During the early stages of the formation of the Iranian-based Facebook network, the enthusiasm was high, the issues noble and the network grew exponentially. Iran didn't miss the boat. As with Tunisia or Egypt, social media initially provided the necessary boost and support for a large participation in a civil movement that culminated in the most significant street protests in decades. But as the protests dragged on, by trying to draw on the support of the émigrés, the leaders of the Green movement in Iran made a largely unrecoverable mistake. The deceit went both ways, for the Green leadership had no lost love for the long-time, now professional opposition, and the many rival opposition groups outside the country never had any respect for nor accepted the leadership of the protest movement. Over time, factions revealed themselves and their discourses hardened. Émigrés are after a regime change and behind various teary outrages over human rights violations, joyous passions make a quick come back over protest slogans and unflattering actions directed towards the Velayate Faghi. But the Green leadership is resigned, however discreetly, to accept the virtual support that keeps their movement alive when all else seems uncertain. The problem with this strategy is that from a large national movement, they are bound to become just an opposition movement. We were going to say just another opposition movement, but this one operates in Iran. And now having a foreign-based council giving the movement's directives is not going to help grow or keep the cohesion of their base in Iran.

As mentioned previously, if we consider that the graph representing Iran's protest-related events (x) against the number of people reacting to each event (y) in our network, follows the Pareto principle, then in time both because "hit" events may be rarer in occurrence or in emotional power, the Long Tail to the right of the curve gets longer and the area to the left becomes

gradually smaller than the area to the right. In between events, members who may have dedicated part of their available time to be spent on social networks, may be forced to spend that time scanning through less consequential events, or participating or reading comments from other members. Again, in the case of social movements, time is not in the favor of a cohesive network. Rivalries and dissentions surface, insulting comments, exaggerations and redundancies start to weigh. And all of a sudden the "weak" links in our Iran network feel really weak. The network is still very large but clusters become more self-sustained and the weak links, if still in existence, are inactive or only as a mean to stay aware of potential news. In general the hubs lose their driving force, even though the clusters may still grow through additional strong links.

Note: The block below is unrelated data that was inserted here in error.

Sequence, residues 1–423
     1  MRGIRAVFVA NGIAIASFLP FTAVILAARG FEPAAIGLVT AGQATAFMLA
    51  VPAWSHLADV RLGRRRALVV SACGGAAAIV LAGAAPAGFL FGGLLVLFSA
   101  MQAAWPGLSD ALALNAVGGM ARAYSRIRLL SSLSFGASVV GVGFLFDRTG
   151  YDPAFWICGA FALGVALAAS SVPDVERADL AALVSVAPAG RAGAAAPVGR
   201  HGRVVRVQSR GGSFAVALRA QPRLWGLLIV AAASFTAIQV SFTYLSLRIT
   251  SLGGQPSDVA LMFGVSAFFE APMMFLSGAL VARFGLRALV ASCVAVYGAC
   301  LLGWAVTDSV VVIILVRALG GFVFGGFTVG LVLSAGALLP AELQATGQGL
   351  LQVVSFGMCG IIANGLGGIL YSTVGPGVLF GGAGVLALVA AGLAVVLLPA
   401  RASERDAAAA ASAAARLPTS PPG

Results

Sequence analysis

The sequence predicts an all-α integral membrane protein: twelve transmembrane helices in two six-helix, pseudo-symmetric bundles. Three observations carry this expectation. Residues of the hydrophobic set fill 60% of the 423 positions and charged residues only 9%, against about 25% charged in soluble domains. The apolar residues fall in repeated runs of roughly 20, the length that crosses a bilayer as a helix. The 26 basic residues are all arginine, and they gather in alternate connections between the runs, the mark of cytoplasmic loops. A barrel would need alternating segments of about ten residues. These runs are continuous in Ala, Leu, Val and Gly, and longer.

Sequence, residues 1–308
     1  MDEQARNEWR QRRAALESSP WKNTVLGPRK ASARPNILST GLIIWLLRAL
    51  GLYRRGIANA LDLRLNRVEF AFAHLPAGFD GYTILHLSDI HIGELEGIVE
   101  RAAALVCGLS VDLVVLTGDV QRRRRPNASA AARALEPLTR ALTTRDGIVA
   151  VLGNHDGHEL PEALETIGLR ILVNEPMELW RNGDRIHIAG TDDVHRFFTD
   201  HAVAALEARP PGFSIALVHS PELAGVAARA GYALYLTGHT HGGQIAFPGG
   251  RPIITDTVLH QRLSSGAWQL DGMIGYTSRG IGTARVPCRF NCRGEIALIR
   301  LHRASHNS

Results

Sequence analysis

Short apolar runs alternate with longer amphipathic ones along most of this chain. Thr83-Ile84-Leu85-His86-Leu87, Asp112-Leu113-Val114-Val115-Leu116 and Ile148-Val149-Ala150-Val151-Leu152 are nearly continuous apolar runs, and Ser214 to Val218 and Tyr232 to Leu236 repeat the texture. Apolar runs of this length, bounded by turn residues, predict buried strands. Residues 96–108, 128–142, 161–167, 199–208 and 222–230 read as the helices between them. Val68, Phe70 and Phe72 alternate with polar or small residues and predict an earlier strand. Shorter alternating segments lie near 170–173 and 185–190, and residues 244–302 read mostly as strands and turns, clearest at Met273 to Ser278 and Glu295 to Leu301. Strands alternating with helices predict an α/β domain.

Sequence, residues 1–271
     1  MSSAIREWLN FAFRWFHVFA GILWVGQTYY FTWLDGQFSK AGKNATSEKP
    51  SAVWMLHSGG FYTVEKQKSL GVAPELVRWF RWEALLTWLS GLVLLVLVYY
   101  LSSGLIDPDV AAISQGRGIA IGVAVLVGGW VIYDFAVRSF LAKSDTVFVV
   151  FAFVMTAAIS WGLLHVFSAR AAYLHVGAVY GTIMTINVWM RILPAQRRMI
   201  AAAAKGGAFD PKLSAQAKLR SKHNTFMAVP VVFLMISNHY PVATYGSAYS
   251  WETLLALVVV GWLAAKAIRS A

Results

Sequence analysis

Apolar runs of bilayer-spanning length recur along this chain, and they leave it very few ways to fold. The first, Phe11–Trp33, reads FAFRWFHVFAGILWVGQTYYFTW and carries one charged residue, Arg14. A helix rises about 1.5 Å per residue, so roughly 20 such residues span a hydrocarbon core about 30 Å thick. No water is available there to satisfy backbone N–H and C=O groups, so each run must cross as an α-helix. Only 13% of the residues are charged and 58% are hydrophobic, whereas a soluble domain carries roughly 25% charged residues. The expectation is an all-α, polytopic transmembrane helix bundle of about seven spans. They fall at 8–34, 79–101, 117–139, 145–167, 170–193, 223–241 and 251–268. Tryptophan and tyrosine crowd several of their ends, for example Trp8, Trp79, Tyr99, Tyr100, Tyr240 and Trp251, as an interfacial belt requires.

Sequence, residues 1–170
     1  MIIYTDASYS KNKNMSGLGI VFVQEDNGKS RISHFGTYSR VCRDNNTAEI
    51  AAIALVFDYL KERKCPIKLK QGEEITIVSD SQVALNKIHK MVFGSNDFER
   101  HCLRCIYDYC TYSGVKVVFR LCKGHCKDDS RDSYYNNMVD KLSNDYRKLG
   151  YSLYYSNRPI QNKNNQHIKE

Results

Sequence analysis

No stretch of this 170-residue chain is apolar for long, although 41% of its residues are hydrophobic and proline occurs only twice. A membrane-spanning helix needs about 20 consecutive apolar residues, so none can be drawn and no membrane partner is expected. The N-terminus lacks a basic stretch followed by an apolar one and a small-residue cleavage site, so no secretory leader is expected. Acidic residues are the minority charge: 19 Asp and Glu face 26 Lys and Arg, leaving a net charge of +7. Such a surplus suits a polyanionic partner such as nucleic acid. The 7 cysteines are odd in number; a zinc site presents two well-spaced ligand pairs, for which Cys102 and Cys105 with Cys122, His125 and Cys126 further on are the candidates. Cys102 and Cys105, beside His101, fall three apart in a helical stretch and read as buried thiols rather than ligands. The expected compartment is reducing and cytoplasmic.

CONCLUSION

A week after Mubarak's fall, while cleric Yusuf al-Qaradawi gave the victory sermon to a crowd of hundreds of thousands, Wael Ghonim, the new mediatized hero of Egypt's uprising was barred from the stage at Tahrir Square and left in tears. It may not be easy for the youth who inspire, mobilize and struggle for their future, to capitalize on their success when faced with opponents who have 'paid their dues' and can implement political and economic programs, with experience, connections and organization. We may still debate about the media's announcement that the revolution will be tweeted, meanwhile the evolution will not be twisted, Egypt would allow the Iranian ships to cross the Suez Canal and it will normalize diplomatic relations with Iran. For, not withstanding all the re-assuring talk from the West on how the new Internet Freedom is good for Western democracies and bad for tyrants, especially for Iran, there is not one Arab who doesn't realize that military bases in Iraq, Afghanistan, the Persian Gulf and elsewhere in the region, are not Iranian but US Bases. This will remain in memories, while Iran will only remain as a difficult neighbor. Some may not like it, but nothing comes easy. You may believe in the power of social networks, it has proven itself, but once a change is initiated, there is no assurance that things will turn up the way you dreamed. Change takes time, effort and courage. Three components that social networks cut short on.

To re-build a social network that can reach a threshold of such proportion where the adversary may finally see the wisdom of your demands, members' trust, has to be earned back, one member at a time. If not, in the end our social network may take the shape and operate much as Iranians do without the help of digital tools: a community of highly divided egocentric factions, loosely aware of each other. There will be more of them integrating the network. The members will be more informed, more entertained, perhaps they will keep up with the newly displayed passions and involvement, including in human rights issues. And these are all positive outcomes, if that is the aim. To reach any other stated aim, the network will require confidence building, with more coordination between the leaders of larger hubs in their role as influencers, with a greater effort in recognizing the essential and defining both behaviors and targets, and mostly, in the image of such organizations as the International Campaign for Human Rights in Iran, it will require unpretentious focus and integrity.

Sign up to vote on this title
UsefulNot useful